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ARC Review: Mothership by Martin Leicht and Isla Neal

Title: Mothership
Story Arc: Series, Book 1
Publication: July 10, 2012 by Simon & Schuster
Hardcover: 320 pages
Genre: Aliens, Paranormal Romance, Sci-Fi
Age Group: Teen, Young Adult
Source: ARC Requested from Publisher
Excerpt(s): from pg 305
Content: Kissing, Implicit Sex, Violence, Bloody Deaths

As far as scientists have been able to determine, the primary function of the human coccyx, or tailbone, is to remind us that once upon a time we were all monkeys or something...



Teen pregnancy is never easy—especially not when extraterrestrials are involved. The first in a new trilogy.

Elvie Nara was doing just fine in the year 2074. She had a great best friend, a dad she adored, and bright future working on the Ares Project on Mars. But then she had to get involved with sweet, gorgeous, dumb-as-a-brick Cole—and now she’s pregnant.

Getting shipped off to the Hanover School for Expecting Teen Mothers was not how Elvie imagined spending her junior year, but she can go with the flow. That is, until a team of hot commandos hijacks the ship—and one of them turns out to be Cole. She hasn’t seen him since she told him she’s pregnant, and now he’s bursting into her new home to tell her that her teachers are aliens and want to use her unborn baby to repopulate their species? Nice try, buddy. You could have just called.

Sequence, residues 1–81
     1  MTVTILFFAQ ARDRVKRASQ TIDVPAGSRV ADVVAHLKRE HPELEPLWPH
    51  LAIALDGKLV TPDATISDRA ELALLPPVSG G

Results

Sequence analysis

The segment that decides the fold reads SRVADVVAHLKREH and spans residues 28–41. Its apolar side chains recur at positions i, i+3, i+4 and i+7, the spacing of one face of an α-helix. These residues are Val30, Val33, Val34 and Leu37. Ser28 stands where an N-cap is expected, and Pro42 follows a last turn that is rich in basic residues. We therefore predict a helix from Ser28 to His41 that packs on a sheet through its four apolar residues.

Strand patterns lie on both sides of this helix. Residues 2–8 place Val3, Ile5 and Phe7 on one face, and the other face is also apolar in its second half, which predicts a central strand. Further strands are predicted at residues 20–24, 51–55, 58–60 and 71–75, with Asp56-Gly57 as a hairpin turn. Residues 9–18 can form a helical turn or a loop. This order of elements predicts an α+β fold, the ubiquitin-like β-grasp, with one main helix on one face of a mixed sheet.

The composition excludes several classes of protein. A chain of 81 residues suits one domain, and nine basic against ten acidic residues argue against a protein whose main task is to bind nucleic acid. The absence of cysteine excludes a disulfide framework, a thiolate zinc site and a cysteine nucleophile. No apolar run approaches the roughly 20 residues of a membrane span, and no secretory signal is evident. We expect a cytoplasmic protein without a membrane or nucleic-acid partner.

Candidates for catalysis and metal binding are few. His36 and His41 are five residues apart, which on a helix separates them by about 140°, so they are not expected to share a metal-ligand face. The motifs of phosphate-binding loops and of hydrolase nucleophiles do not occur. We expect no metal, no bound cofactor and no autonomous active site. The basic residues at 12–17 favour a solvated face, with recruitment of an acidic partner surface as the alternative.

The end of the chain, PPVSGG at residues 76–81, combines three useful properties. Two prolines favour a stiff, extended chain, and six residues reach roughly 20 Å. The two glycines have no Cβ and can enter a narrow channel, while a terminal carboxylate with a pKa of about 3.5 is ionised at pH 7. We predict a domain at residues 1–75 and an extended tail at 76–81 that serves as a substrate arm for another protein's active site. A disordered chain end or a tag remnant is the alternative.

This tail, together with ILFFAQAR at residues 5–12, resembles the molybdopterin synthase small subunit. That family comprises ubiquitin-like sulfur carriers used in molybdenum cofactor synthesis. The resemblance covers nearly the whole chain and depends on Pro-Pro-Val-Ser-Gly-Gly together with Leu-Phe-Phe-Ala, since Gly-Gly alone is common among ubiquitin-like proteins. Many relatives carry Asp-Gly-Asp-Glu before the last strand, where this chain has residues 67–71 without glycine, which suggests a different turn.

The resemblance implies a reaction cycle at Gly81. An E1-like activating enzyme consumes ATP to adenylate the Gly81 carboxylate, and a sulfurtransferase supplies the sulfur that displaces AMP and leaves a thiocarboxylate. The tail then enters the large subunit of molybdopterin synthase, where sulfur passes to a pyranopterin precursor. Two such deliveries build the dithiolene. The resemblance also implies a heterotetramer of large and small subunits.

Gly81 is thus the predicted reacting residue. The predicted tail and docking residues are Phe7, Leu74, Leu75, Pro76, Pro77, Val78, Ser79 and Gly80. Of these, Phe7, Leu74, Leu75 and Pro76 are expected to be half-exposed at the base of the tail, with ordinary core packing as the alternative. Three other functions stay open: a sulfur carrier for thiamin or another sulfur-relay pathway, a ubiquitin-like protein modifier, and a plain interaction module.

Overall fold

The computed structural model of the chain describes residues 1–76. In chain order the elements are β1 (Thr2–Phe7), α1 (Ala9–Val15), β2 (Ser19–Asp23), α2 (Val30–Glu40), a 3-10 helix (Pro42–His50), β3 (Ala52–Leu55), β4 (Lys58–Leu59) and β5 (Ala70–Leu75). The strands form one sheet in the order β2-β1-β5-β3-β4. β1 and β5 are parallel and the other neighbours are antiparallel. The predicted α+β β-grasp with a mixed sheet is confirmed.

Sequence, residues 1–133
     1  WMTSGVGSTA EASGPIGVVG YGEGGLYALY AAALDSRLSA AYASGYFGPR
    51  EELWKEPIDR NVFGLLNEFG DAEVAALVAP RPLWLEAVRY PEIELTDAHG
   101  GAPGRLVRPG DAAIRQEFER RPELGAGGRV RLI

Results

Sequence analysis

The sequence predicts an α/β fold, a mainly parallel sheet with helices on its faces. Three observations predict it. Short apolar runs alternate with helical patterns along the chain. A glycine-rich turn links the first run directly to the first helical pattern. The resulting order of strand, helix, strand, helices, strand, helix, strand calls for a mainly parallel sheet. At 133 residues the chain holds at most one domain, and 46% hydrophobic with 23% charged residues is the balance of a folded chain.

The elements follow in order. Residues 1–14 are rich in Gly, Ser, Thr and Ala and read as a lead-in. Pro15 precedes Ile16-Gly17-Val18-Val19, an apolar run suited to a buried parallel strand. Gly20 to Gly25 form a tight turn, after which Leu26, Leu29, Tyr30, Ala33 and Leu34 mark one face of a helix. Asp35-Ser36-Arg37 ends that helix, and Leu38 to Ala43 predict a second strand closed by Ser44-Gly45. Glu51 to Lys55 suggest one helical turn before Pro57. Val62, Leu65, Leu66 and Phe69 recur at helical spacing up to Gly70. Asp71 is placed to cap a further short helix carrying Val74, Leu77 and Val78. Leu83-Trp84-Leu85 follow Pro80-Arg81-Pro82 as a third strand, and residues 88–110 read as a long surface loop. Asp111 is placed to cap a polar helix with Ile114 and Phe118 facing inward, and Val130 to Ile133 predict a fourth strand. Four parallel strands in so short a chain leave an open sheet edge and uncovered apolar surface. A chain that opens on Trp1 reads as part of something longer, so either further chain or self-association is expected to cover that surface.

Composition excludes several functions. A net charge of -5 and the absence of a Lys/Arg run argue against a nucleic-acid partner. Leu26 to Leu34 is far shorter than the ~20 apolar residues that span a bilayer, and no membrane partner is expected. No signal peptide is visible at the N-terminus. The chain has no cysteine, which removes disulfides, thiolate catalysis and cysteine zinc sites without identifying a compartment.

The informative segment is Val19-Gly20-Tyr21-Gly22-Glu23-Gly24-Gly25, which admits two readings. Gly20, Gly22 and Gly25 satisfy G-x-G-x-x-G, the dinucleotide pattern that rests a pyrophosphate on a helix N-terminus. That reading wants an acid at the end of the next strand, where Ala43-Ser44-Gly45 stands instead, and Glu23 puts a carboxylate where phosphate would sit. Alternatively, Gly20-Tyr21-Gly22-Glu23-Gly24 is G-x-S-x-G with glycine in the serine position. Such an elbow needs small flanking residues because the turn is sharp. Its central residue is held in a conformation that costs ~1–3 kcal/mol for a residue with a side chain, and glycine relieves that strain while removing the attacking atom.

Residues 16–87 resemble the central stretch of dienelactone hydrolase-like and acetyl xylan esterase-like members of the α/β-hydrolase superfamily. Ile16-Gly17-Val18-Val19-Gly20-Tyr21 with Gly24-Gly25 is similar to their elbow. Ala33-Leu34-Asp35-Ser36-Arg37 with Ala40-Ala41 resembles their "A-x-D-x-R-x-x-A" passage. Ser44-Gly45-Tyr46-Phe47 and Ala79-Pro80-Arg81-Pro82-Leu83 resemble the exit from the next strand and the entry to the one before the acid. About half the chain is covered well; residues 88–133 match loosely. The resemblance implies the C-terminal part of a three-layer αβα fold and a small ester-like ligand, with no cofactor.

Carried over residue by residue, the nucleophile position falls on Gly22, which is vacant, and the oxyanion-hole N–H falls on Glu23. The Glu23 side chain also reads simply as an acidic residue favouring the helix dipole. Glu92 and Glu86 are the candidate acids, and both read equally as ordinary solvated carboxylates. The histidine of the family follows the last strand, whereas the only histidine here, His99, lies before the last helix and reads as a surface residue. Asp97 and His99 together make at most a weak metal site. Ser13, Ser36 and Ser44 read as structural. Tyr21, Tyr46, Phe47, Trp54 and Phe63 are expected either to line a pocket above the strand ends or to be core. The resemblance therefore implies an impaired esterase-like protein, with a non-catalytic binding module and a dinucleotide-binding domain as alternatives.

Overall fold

So fine, finding a way off this ship is priority number one, but first Elvie has to figure out how Cole ended up as a commando, work together with her arch-nemesis, and figure out if she even wants to be a mother—assuming they get back to Earth in one piece.
In which a ridiculous book can be smart and hysterical
After reading that synopsis, you might be thinking: what the shizzballs? This is a futuristic book about a girl who goes up into space to attend a school for expectant teen mothers which then gets invaded by these space highwaymen including the girl’s baby daddy? I bet you ten pounds of cheesecake that you haven’t heard much about Mothership by Martin Leicht and Isla Neal, because I certainly hadn’t. It wasn’t until Harmony at Radiant Reads featured it in her book haul from a couple of weeks ago and described the book almost exactly like that, and made me go: THAT SOUNDS UTTERLY RIDICULOUS… I want to read it.

From the moment I began the first page, I knew I was in for an impressive bout of slapstick, side-splitting hilarity sure to make me drown in unstoppable tears and choke on my Snorts of Doom. The main character, Elvie, couldn’t have been a better choice to get this story flowing. The plot is of medium strength, but Elvie is the strong core of the novel, because her voice is not timid or contemplative; it’s a hilarious running narration inside her head that is fed by her sarcastic commentary and enviable wit. Her voice is laidback, deadpan, and a bit bored, and she makes the most deliciously self-deprecating or mocking comments about nearly everything and everyone. It’s pretty impossible to restrain yourself before you adore her.